Finally, if it IS a bad law, the best way to get it repealed is through consistant enforcement. Inconsistant enforcement allows for abusive SELECTIVE enforcement, unpredictable penalties, and is less likely to be fought and defeated. Long term, occasional enforcement of a bad law does more damage than immediate, consistant enforcement.

  15. Wendy September 21, 2009 at 12:23 am #

    Children here won’t be doing anything if these stories are anything to go by

    http://news.bbc.co.uk/1/hi/health/8259639.stm

    http://news.bbc.co.uk/1/hi/england/8265154.stm

    http://news.bbc.co.uk/1/hi/health/8254206.stm

  16. Kate September 21, 2009 at 12:32 am #

    The notice about the carseat recall is on the wall at my pediatrician’s office and I get irritated every time I see it.

    Re: the Bumbo
    I too thought these were silly until I wound up with a 2 month old who wanted to sit up all the time. We have another brand called the Bebe pod (it was a hand me down) and my son loves. It was a godsend for that month when he was so insistent on sitting up all the time that I couldn’t set him down flat or even in a semi-reclining without him screaming (and you’ve got to go to the bathroom sometime :).

  17. deanne September 21, 2009 at 12:36 am #

    wow, how did any of us over 30 survive childhood?
    My easy bake oven got so hot it scorched the top of our formica table once! (after that mom threw the stupid thing out and just taught me how to bake a real cake).

  18. Jeffa September 21, 2009 at 12:59 am #

    Quite frankly, I think it’s more likely that a child will ingest glitter from nail polish (I’m an ADULT and my fingers are in my mouth ALL the time) then they would be to eat paint off their walls and no one is objecting to having lead-free paint in their house. Shame on FOX for making fun of these recalls and SHAME on Lenore for perpetuating this. I am all about the “free-range” mentality but having a chemical linked to learning and behavior disorders as well as being toxic to body systems including the cardiovascular, hematopoietic, reproductive, and nervous systems hidden in my children’s toys is just not Okay with me.

  19. Uly September 21, 2009 at 1:25 am #

    Jeffa, lead paint isn’t a problem when it’s new. Lead paint in homes has always been a problem for poorer families, when it’s cracking and peeling and making little chips that babies and toddlers (the most vulnerable kids) will put in their mouths and, worse, making dust that will collect on every surface not only for babies and toddlers to put in their mouths (or to get on their hands and then put their hands in their mouths) but to breathe in.

    Rich makes a good point – these laws, if properly enforced, will help protect workers as much as children. (Of course, we don’t need new, onerous laws that exempt the biggest manufacturers, aka “the folks that got us into this mess in the first place”. We NEED to enforce the laws we already have!)

  20. Jo-Ann September 21, 2009 at 2:53 am #

    If I had burnt my fingers on my easy bake oven, my mother would have said “I told you not to touch it” and life would have gone on.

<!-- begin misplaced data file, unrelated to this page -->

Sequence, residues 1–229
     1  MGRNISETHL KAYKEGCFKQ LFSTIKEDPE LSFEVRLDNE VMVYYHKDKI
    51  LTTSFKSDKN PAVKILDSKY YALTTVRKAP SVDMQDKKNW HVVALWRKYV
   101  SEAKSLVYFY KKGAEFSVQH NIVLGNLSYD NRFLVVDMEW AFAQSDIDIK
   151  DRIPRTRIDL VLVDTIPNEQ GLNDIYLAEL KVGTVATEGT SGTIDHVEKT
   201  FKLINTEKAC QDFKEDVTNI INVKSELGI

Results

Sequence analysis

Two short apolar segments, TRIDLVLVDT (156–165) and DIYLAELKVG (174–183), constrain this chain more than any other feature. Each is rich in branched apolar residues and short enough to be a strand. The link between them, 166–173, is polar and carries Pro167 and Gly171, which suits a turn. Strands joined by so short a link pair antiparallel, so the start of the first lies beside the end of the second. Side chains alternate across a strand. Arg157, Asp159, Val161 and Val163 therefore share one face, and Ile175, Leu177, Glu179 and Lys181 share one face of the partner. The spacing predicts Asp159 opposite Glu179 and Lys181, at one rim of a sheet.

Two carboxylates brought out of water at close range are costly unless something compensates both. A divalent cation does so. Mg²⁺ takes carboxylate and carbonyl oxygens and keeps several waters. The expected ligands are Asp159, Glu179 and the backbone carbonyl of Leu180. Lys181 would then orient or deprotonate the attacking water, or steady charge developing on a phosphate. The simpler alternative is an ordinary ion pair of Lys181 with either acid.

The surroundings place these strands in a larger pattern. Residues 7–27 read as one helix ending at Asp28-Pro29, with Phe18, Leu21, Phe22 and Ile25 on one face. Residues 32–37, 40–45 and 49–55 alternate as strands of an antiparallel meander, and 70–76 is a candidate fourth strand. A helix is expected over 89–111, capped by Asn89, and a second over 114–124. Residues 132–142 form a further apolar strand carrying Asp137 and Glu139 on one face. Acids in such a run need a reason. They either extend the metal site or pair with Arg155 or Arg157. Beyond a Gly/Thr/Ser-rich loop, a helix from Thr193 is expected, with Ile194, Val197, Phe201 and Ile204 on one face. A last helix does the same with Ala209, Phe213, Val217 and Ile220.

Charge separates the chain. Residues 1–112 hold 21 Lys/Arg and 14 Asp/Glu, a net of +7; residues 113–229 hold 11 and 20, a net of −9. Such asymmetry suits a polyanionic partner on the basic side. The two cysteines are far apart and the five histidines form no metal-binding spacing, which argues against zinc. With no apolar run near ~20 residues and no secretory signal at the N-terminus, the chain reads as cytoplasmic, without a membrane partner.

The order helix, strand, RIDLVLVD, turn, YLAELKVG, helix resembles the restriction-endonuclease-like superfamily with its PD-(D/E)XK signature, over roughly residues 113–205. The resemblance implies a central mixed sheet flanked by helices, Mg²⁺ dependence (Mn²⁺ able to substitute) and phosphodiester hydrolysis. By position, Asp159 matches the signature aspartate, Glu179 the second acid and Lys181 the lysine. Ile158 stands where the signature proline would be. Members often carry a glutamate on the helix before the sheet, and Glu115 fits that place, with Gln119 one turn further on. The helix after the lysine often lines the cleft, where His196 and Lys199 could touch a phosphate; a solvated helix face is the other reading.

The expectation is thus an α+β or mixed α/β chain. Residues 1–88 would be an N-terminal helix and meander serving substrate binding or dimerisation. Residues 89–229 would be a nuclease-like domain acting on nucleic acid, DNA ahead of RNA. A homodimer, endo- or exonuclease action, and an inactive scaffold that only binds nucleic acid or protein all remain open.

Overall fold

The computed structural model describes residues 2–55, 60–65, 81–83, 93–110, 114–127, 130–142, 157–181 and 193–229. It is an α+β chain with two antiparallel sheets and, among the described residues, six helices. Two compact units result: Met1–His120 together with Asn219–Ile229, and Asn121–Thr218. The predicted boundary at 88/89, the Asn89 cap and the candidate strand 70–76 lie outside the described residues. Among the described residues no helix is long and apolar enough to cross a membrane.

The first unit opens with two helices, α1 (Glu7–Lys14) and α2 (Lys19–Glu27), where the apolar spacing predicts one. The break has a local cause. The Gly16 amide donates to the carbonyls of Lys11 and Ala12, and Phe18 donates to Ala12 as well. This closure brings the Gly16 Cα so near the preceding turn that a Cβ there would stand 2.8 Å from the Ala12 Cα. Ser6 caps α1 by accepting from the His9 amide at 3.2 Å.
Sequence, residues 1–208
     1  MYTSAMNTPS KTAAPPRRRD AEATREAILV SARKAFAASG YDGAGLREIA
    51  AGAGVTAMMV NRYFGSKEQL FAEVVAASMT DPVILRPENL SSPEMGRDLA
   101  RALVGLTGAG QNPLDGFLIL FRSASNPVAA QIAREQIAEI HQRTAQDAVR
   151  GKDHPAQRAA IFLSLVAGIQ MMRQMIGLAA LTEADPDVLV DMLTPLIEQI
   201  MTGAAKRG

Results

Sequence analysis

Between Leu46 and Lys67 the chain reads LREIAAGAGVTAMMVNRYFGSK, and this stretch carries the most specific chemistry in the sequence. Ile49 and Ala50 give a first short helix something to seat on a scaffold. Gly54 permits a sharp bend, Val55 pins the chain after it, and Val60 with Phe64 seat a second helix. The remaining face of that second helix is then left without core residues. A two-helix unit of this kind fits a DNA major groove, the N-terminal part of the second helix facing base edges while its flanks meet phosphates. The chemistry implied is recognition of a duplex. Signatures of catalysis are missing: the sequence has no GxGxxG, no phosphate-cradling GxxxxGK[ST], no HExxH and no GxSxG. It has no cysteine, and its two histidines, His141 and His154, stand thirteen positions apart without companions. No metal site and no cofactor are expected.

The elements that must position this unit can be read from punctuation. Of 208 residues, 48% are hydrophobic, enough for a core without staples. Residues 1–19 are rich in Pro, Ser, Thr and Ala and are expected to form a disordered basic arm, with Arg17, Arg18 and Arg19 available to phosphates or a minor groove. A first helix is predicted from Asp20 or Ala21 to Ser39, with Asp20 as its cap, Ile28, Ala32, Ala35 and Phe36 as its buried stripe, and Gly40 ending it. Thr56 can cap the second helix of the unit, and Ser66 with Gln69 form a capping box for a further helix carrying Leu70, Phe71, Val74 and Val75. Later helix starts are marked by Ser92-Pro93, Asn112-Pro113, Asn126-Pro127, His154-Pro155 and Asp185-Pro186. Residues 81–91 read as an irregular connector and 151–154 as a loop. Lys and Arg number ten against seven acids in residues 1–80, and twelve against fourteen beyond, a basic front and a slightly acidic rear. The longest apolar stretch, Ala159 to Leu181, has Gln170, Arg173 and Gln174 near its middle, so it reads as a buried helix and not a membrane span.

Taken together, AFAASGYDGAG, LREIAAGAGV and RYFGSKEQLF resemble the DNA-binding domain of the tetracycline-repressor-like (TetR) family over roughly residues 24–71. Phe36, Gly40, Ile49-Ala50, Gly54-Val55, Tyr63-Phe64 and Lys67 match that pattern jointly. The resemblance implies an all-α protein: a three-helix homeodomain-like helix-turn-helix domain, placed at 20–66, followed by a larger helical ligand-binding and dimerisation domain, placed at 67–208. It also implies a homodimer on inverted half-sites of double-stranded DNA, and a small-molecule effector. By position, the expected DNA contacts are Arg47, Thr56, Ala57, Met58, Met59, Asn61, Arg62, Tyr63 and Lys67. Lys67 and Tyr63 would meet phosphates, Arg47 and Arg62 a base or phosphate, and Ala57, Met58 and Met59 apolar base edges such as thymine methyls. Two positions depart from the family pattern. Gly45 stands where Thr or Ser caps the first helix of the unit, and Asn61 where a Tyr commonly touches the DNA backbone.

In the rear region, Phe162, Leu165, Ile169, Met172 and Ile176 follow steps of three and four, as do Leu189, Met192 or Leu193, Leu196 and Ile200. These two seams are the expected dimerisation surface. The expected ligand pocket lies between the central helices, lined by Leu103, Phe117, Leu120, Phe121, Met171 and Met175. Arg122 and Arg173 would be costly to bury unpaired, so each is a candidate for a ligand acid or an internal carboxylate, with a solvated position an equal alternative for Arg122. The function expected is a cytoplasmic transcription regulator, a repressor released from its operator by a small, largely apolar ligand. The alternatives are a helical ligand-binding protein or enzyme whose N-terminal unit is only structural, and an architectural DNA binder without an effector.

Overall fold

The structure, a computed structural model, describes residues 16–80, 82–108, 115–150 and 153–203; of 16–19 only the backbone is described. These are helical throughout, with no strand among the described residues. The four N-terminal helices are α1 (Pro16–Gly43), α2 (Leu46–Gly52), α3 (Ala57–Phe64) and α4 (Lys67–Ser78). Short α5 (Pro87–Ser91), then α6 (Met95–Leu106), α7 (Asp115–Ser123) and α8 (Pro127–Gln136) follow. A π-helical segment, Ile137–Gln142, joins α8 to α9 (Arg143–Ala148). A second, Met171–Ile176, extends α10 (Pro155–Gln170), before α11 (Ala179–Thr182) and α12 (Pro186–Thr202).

And for the poor 5 yr old who’s finger was so burnt in needed partial amputation… it says right in the box, 8 yrs old and up.

    I am so confused. Parents these days are so afraid to let their kids do simple things (play in the yard without sitting with them) yet they buy toys for them that are clearly above the age requirement which cause them to get hurt when left unsupervised.

  21. Kari September 21, 2009 at 4:13 am #

    Some of these are not ridiculous, some are. Free range doesn’t have to mean let your kids do anything and who cares what the consequences are. Forget all brains and just let them run wild.

    I do have to wonder how big that light bulb is that’s causing such nasty burns. Yikes. I was never able to get my hands in mine (clearly remember getting something stuck in my Easy Bake Oven as a kid and trying to get it out).

    And just because we lived through our childhood doesn’t mean we don’t change. I grew up when no one was in a car seat, there weren’t even car seats to be had if you wanted one. You sat on Mom’s lap in the front seat. Yeah, some changes are very good.

  22. LauraL September 21, 2009 at 5:08 am #

    As far as the lead goes, after talking with others and doing some reading, it is pretty reasonable to expect that a child who may have one of these things being recalled is because of the very good chance that the child has younger siblings who very well may put these things into their mouths. there is no way in heck I could keep all certain toys meant for older children away from younger children. Even Legos are an issue and the small little ones do make their way into the hands of toddlers and infants. So, I think this one falls under the common sense of the family and its makeup on what is truly a problem and what truly wouldn’t be.

  23. Jeffa September 21, 2009 at 5:20 am #

    Uly. . . here is some research: